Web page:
When imitation goes beyond flattery

Posted by | June 08, 2013 | Services, Writing and Editing | No Comments
writing Imitation is said to be the sincerest form of flattery, according to the old adage. But when does imitation blur the line and become plagiarism? It's very tempting to copy and paste from the internet; after all the information is there and who is going to notice? People copy and paste all the time, right? Here's a quick reference to keeping out of trouble online. There's a right and wrong way to use other people's work you come across on the internet. Let's have a look at the definition of plagiarism according to plagiarism.org, a website aimed at the education industry but relevant to all of us: "...To plagiarise means:
  • to steal and pass off (the ideas or words of another) as one's own
  • to use (another's production) without crediting the source
  • to commit literary theft
  • to present as new and original an idea or product derived from an existing source"
The site goes on to say, "ALL OF THE FOLLOWING ARE CONSIDERED PLAGIARISM:
  • turning in someone else's work as your own
  • copying words or ideas from someone else without giving credit
  • failing to put a quotation in quotation marks
  • giving incorrect information about the source of a quotation
  • changing words but copying the sentence structure of a source without giving credit
  • copying so many words or ideas from a source that it makes up the majority of your work, whether you give credit or not (see our section on "fair use" rules)"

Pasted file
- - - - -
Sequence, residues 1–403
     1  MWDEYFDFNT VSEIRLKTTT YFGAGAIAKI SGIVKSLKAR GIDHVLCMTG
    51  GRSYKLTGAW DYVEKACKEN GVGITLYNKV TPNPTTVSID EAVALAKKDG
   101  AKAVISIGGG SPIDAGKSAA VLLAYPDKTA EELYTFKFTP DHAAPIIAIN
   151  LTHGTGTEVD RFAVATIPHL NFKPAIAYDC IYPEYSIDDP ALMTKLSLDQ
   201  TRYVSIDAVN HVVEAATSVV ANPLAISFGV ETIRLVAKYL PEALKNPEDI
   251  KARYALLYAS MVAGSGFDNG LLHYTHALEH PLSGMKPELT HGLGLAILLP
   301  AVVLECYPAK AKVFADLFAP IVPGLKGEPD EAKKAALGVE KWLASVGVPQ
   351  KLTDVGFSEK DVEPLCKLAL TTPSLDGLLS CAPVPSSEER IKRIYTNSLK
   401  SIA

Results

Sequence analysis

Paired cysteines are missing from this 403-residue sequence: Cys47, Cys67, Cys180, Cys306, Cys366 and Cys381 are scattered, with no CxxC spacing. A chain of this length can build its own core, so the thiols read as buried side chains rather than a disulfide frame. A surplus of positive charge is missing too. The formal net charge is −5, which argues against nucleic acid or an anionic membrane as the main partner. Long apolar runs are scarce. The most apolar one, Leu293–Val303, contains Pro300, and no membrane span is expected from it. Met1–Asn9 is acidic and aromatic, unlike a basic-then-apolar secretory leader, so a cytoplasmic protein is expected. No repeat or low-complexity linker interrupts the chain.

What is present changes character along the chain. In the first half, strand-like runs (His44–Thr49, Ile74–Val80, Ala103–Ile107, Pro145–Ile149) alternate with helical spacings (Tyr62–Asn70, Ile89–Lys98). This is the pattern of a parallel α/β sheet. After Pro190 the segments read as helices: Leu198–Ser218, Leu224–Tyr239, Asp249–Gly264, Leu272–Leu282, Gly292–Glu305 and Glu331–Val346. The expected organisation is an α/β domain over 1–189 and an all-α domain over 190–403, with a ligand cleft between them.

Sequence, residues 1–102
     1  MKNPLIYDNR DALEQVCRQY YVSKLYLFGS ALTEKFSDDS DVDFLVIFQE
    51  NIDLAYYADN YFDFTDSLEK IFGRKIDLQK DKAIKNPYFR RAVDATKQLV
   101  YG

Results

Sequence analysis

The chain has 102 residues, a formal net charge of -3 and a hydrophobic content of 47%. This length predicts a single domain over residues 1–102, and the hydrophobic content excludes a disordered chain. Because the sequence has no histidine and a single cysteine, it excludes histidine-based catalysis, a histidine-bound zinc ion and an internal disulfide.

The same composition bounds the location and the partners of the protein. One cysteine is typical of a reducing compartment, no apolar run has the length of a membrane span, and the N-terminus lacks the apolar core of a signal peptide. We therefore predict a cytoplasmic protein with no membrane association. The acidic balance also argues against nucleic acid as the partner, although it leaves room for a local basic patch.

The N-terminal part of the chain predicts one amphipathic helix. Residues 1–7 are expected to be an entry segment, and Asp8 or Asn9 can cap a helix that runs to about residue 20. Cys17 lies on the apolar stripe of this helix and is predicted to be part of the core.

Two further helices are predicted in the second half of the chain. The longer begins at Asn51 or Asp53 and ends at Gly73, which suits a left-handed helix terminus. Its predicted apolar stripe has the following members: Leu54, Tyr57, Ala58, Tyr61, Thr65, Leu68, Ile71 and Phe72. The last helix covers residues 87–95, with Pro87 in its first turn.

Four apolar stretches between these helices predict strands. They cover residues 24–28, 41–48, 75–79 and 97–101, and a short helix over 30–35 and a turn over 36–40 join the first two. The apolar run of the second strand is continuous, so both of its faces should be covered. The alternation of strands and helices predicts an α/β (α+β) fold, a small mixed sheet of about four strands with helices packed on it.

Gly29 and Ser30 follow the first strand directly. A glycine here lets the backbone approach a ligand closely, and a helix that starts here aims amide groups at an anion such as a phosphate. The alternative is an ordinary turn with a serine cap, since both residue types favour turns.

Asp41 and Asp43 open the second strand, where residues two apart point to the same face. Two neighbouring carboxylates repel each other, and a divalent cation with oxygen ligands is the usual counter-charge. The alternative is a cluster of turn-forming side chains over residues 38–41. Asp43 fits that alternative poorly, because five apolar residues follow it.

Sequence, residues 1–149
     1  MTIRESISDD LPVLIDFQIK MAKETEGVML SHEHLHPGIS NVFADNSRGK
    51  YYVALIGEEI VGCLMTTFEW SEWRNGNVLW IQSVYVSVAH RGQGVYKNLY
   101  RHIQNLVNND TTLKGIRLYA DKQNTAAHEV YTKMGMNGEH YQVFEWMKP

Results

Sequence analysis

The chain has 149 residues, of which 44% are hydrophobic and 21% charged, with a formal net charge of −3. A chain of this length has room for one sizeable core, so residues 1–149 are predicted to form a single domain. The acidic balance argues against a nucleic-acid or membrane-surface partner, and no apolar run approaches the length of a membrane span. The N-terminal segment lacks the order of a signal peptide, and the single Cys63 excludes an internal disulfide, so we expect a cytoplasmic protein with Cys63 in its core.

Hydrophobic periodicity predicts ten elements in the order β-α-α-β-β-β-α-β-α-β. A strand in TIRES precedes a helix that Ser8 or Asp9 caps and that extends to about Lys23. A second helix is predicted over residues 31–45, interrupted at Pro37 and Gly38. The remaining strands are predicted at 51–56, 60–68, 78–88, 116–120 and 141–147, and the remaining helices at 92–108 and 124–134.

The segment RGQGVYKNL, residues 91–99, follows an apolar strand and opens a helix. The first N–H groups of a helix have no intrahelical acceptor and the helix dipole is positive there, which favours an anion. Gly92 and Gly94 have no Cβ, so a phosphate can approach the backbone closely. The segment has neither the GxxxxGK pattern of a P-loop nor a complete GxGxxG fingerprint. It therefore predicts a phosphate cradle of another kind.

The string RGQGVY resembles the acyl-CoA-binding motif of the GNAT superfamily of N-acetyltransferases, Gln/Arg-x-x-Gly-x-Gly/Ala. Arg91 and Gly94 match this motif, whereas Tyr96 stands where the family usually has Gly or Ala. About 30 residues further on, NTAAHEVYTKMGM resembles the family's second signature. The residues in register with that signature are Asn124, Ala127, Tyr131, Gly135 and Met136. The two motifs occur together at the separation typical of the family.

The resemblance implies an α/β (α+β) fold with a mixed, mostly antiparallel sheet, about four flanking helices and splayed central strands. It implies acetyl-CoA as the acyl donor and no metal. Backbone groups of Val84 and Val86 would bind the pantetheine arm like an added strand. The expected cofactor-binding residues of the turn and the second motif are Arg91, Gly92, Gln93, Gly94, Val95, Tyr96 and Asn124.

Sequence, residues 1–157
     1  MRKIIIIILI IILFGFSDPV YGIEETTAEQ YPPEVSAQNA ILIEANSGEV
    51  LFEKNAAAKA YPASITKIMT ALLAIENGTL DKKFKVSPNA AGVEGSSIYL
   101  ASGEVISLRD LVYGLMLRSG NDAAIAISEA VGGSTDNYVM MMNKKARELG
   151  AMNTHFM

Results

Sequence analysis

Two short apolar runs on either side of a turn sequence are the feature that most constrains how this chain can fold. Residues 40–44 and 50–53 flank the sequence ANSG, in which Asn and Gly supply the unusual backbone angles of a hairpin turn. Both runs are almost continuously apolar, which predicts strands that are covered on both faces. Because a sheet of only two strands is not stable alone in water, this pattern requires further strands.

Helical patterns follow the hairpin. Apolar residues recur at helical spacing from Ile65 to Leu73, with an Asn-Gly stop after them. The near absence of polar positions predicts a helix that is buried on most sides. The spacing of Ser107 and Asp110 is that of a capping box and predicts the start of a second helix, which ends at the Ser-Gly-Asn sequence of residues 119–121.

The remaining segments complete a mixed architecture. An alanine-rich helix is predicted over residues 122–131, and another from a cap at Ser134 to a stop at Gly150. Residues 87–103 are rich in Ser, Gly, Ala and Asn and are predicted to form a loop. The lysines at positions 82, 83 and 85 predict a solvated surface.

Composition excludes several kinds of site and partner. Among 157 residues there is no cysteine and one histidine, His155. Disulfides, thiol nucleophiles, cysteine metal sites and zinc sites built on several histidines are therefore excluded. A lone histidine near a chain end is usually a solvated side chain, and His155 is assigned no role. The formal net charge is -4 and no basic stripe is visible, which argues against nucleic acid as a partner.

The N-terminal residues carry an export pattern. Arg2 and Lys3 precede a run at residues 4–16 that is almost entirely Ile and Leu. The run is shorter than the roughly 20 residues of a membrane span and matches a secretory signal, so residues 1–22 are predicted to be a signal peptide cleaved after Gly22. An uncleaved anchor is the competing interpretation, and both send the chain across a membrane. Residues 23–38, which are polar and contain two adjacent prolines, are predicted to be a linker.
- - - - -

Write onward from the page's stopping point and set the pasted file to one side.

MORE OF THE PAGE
For business owners being original is essential, whether you are blogging or stating what your capabilities, products and services are. Here's what the Australian Copyright Council (ACC) says in its Internet Copying and Downloading Fact sheet: "You do not infringe copyright if you express in your own way (for example, by using your own words or diagram) information or ideas you have found on the internet. You may, however, infringe copyright if you copy all or a “substantial part” of someone else?s expression (for example, a document)..." Talking about 'substantial parts' the ACC says, "Copying part of a work may infringe copyright if the part is a ”substantial part”. In this context, a “substantial part” does not mean a large part: it means any part that is important, distinctive or essential. You need to consider the importance of the material you copy to the work from which it is taken, rather than its importance to the web page or the website (which will usually be a collection of separate works – for example, a number of images and some text)." So, let's say you regularly blog and read others' blogs, and find someone else's blog post or news story truly strikes a chord with you and you want to reproduce it on your site. You have options which cover yourself: You can contact the writer and seek their permission to reproduce in full, including giving a credit or citation to the writer and, preferably, a link to their website. You may quote phrases, sentences and paragraphs from that website in your own post as you talk about why that post or story floats your boat - but you must always put them in quote marks and give a citation/credit. This also goes, obviously, for any hard copy written content you wish to quote from; retype it but do ensure you make it clear you are quoting from someone else's work and credit them. What you mustn't do is simply copy the contents of other website pages onto your own site without citation or credit in the hope that it will increase your site's visibility, particularly if those pages contain popular keywords. RSS feeds however, which pull web posts to your site, automatically credit the 'parent' site and they are a different animal. For some business owners, writing about their own business can be difficult. YOU know what you do, and you may be utterly fantastic face to face with people, and with great skills and ideas to impart when you talk with your clients, but you may have trouble putting it into words - in which case you ask somebody like me to sit down with you and help you draft web copy which brings your personality, as well as your skills, to your website. What you don't do is copy text from the website of someone in the same line of work as you (particularly if they are better known as they may find you out!) and use it on your own website. Even if you are offering exactly the same service - ie you may be a consultant in a particular field offering a very specific service - your words about your service offering must be your own. If you are a reseller for a product, then it is perfectly acceptable to use copy supplied by the reseller when onselling those products and services. This also applies to franchised businesses. If you have concerns about having been plagiarised, you can check here with Small SEO Checker, which will match content if it exists elsewhere on the web. It works best with paragraphs rather than one short sentence. With tradies it can be harder to be original - after all most plumbers, for example, offer much the same services as each other. Look at most tradies' sites and the lists of services will be pretty similar. What does make a difference, and what might be the dealbreaker for you as a consumer, is the human touch: the tale behind the business, whether it's a family business founded in the 1940s and proudly passed on from generation to generation or a larger organisation with a more impersonal feel about it. The same is true for images as well as words. If you find a original diagram or concept on someone else's site that you'd like to use, ask permission and credit the image (ie, "reproduced with permission of XYZ..." with an associated link), don't just download it and use it. Stock image libraries are an excellent source of royalty-free images which, in most cases, don't require a credit on your site and give you a professional edge. Yes, it will cost you a few dollars, but you can sleep at night knowing that you have used an image legally. Get in contact with me if you'd like to learn more about good writing practices and how to 'sell' yourself in your own original way. You be you now!